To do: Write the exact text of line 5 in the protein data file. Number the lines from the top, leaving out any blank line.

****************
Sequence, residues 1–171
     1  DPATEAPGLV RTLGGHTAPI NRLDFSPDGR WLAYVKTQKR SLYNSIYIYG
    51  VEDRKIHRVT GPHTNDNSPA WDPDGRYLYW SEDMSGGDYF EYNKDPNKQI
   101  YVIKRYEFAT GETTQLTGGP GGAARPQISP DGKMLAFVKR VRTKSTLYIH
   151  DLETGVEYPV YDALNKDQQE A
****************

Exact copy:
   151  DLETGVEYPV YDALNKDQQE A